One morning, as like the mornings before, my mother came back into my room and told me she was going to carry me downstairs to see the finished painting. But I asked her to wait a moment. I was thinking about something that had been nagging at me for a week or two. My mother told me I only had a few minutes before she would come back up. She left my bedroom and trudged down the stairs.
I pulled myself out of the comfort of my warm bed, using every ounce of my strength. I slowly slid onto the floor and pain seared through my body. The hard smooth floor seemed to stretch on forever. But I had to see myself. Far off into what seemed an impossible distance a mirror stood in the corner. Lacking the strength to stand, I had no choice but to crawl, and slowly inch by inch I made my way across the room.
When I saw my reflection, I was heartbroken. I had become but a ghost of my former self. My skin was as white as a sheet, and my brown eyes had dark, unforgiving circles beneath them. My strawberry blond hair had darkened to a dirty brown; where it used to be thick it had grown thin and wispy. Who was this girl in the mirror?
A tear streamed down my cheek, as I looked at myself. Then I remembered the portrait. Was this how I was being painted? Would my father remember me forever as a pale, sick child? Was this my legacy? The tear reached my mouth with its awful saltiness. It reminded me of times at the seashore, where death was as far away as the horizon. The horrible reflection slowly faded and gave way to darkness.
I woke up to yells and horrible cries.
My mother was crying, my sisters were crying too, and everyone was yelling at some point. But it was all sort of blurred together, like when you draw on the sidewalk with colored chalk and the rain washes it away, making the artwork indistinct. My mother was telling me that she thought I was dead, and I was fearful. Could it really happen so soon?
Suddenly I shuddered violently. My mother bawled. It was getting progressively harder for me to breathe, and the strength was steadily trickling out of my bones. No, I couldn’t die. Not now, it wasn’t fair! My father wasn’t even home.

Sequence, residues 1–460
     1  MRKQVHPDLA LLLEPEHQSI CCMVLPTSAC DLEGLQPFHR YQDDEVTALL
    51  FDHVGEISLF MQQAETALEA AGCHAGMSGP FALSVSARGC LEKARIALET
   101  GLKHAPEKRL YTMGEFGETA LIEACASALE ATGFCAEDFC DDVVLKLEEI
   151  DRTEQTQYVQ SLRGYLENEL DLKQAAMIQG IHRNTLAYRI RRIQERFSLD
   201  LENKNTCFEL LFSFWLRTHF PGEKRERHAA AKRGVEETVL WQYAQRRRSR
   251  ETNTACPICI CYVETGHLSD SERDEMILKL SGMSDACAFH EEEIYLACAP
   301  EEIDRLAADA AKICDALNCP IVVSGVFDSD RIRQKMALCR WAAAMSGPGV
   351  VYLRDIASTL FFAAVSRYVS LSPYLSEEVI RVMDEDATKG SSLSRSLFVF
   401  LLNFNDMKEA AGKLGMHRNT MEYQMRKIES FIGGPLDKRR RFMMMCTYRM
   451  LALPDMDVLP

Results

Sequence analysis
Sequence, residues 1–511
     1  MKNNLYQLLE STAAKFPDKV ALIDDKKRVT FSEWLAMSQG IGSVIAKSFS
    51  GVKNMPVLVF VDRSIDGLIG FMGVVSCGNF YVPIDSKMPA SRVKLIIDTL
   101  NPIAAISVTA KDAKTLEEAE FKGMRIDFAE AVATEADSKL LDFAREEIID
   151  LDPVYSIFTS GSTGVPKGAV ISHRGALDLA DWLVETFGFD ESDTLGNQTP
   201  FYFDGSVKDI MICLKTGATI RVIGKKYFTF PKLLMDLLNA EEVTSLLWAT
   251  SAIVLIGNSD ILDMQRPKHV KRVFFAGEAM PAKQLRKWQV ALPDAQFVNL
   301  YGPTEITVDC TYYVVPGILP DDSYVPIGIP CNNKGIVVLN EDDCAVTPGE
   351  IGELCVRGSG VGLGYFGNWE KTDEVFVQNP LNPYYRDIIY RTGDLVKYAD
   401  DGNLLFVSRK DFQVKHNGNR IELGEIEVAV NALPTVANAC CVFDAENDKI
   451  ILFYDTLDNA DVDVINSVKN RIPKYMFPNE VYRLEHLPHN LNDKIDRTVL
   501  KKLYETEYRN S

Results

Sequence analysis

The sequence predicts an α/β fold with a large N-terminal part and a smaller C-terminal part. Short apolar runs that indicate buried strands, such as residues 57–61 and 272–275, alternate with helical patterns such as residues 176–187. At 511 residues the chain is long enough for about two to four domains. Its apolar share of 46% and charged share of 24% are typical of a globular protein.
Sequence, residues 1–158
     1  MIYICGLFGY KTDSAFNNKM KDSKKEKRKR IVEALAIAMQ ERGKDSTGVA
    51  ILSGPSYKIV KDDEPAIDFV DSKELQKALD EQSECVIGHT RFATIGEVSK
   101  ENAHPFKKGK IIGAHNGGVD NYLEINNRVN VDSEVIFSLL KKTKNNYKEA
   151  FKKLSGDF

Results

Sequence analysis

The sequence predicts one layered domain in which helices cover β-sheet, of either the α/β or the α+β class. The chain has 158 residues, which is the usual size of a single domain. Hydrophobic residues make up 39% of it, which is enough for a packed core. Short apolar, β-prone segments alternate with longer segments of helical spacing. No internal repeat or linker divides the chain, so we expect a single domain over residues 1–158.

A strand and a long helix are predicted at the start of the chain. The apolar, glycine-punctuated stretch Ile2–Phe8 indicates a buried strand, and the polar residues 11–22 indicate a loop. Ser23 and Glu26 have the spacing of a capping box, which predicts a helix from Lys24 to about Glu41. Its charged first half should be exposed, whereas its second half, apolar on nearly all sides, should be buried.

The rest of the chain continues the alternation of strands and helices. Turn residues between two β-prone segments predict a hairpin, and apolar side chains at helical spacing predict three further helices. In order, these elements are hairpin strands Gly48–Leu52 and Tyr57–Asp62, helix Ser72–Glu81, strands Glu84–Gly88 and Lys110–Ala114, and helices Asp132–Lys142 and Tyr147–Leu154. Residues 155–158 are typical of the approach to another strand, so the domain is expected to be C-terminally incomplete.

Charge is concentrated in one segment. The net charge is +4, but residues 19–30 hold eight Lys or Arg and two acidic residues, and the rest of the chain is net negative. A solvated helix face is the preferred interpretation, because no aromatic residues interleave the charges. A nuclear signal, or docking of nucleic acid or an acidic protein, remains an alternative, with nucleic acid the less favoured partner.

I could no longer hold up my head. I was dying, and there was no denying it. I gathered up all my might and begged the artist if I may see the painting. He quickly nodded and said it was finished anyway. He scuttled downstairs and hastily came back up, clutching the painting. Inside I was praying that I didn’t look like the ghost I had seen in the mirror. He walked up to me, and flipped the canvas around, revealing the painting that had taken so many days to complete.
All of my worries washed away at that moment. The painting was gorgeous. It was a portrait of the way I had looked before my illness. My curly hair was blonde again; no longer wispy strands but thick locks. My skin was lovely, and my eyes were bright and full of life. No dark circles to be seen. I was as plump as a girl my age should be, instead of appearing nearly skeletal.
This painting captured my true self, not the sickly child confined to bed rest. A smile spread across my dying face, and I told my mom, my sisters, and even the painter, that I loved them. I yearned for my father’s presence, but I knew he couldn’t come.
I laid back, closed my eyes, thinking about the beautiful portrait that my father would be able to remember me by. I was thankful that this would be my legacy, that this is how the world would see me forever.
And that was it.